Bodmin Moor (Cornish: Goon Brenn) is a granite moorland in northeastern Cornwall, England. It is 208 square kilometres (80 sq mi) in size, and dates from the Carboniferous period of geological history. It includes Brown Willy, the highest point in Cornwall, and Rough Tor, a slightly lower peak. Many of Cornwall's rivers have their sources here. It has been inhabited since at least the Neolithic era, when primitive farmers started clearing trees and farming the land. They left their megalithic monuments, hut circles and cairns, and the Bronze Age culture that followed left further cairns, and more stone circles and stone rows. By medieval and modern times, nearly all the forest was gone and livestock rearing predominated.
The name Bodmin Moor is relatively recent. An early mention is in the Royal Cornwall Gazette of 28 November 1812. The upland area was formerly known as Fowey Moor after the River Fowey, which rises within it.
Dramatic granite tors rise from the rolling moorland: the best known are Brown Willy, the highest point in Cornwall at 417 m (1,368 ft), and Rough Tor at 400 m (1,300 ft). To the south-east Kilmar Tor and Caradon Hill are the most prominent hills. Considerable areas of the moor are poorly drained and form marshes (in hot summers these can dry out). The rest of the moor is mostly rough pasture or overgrown with heather and other low vegetation.
The moor contains about 500 holdings with around 10,000 beef cows, 55,000 breeding ewes and 1,000 horses and ponies. Most of the moor is a Site of Special Scientific Interest (SSSI), Bodmin Moor, North, and has been officially designated an Area of Outstanding Natural Beauty (AONB), as part of Cornwall AONB. The moor has been identified by BirdLife International as an Important Bird Area (IBA) because it supports about 260 breeding pairs of European stonechats as well as a wintering population of 10,000 Eurasian golden plovers. The moor has also been recognised as a separate natural region and designated as national character area 153 by Natural England.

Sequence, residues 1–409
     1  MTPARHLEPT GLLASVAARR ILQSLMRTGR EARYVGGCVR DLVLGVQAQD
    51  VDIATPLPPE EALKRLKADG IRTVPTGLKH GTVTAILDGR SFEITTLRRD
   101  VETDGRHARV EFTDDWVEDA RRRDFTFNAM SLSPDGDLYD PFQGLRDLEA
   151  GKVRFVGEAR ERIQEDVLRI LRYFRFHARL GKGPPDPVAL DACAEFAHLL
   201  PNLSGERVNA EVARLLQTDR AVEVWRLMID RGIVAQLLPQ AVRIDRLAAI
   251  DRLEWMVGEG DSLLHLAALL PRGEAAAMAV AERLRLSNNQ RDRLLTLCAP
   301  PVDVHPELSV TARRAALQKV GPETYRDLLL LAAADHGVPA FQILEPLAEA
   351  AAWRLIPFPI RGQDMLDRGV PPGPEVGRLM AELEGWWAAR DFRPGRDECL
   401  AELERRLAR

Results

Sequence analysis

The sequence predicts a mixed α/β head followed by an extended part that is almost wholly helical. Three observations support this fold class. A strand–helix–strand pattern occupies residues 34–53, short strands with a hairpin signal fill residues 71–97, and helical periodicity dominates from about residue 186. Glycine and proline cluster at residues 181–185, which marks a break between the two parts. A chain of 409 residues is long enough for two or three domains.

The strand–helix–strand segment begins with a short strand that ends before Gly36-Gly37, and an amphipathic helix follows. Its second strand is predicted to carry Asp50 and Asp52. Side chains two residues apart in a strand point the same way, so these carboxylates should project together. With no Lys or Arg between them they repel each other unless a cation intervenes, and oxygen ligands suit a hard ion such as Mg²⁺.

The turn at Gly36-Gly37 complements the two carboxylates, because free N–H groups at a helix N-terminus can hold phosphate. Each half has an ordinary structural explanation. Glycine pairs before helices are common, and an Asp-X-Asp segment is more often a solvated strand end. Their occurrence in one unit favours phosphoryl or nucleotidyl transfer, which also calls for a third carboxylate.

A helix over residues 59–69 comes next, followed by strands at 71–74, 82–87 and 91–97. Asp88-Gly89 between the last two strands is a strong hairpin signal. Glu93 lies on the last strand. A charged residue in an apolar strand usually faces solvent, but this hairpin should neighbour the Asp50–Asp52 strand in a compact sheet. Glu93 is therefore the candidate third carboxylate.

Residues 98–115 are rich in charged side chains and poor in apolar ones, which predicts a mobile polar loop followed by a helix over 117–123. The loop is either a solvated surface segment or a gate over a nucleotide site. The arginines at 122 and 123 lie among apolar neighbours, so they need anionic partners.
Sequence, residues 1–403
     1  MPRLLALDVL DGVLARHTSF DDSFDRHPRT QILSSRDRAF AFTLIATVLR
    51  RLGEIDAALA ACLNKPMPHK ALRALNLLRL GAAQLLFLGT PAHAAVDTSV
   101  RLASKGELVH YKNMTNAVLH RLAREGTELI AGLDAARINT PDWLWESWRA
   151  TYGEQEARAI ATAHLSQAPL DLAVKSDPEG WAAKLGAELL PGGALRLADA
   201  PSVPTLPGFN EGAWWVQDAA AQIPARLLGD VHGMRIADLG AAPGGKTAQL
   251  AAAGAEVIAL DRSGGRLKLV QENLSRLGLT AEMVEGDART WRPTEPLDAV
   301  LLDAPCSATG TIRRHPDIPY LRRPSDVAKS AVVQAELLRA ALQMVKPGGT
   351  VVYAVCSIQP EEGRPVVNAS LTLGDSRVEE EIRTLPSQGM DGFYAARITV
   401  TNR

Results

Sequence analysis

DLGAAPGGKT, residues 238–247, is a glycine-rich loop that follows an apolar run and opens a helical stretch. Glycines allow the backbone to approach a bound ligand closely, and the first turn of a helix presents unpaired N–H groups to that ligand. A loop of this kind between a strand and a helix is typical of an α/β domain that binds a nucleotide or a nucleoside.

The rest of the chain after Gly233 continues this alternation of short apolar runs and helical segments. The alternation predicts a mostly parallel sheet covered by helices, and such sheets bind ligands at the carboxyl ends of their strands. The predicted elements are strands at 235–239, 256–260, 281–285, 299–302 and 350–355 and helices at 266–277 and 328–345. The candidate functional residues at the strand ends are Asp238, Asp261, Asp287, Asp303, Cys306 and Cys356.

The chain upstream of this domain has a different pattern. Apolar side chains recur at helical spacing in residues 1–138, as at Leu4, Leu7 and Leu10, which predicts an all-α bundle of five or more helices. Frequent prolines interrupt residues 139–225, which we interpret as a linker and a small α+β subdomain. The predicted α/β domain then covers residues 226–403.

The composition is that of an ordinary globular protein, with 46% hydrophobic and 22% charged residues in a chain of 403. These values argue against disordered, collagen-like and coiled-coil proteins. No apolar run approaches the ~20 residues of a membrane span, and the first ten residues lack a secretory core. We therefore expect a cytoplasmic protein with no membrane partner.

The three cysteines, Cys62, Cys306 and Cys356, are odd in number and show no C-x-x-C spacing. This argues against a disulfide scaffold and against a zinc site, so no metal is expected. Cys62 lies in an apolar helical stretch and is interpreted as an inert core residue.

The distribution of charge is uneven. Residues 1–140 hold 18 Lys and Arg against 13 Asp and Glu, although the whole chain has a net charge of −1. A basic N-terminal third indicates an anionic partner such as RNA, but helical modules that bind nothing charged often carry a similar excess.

Rivers and inland watersEdit
Bodmin Moor is the source of several of Cornwall's rivers: they are mentioned here anti-clockwise from the south.
The River Tiddy rises near Pensilva and flows southeast to its confluence with the River Lynher (the Lynher flows generally south-east until it joins the Hamoaze near Plymouth). The River Inny rises near Davidstow and flows southeast to its confluence with the River Tamar.
The River Camel rises on Hendraburnick Down and flows for approximately 40 km (25 mi) before joining the sea at Padstow. The River Camel and its tributary the De Lank River are an important habitat for the otter, and both have been proposed as Special Areas of Conservation (SAC) The De Lank River rises near Roughtor and flows along an irregular course before joining the Camel south of Wenford.
On the southern slopes of the moor lies Dozmary Pool. It is Cornwall's only natural inland lake and is glacial in origin. In the 20th century three reservoirs have been constructed on the moor; these are Colliford Lake, Siblyback Lake and Crowdy reservoirs, which supply water for a large part of the county's population. Various species of waterfowl are resident around these waters.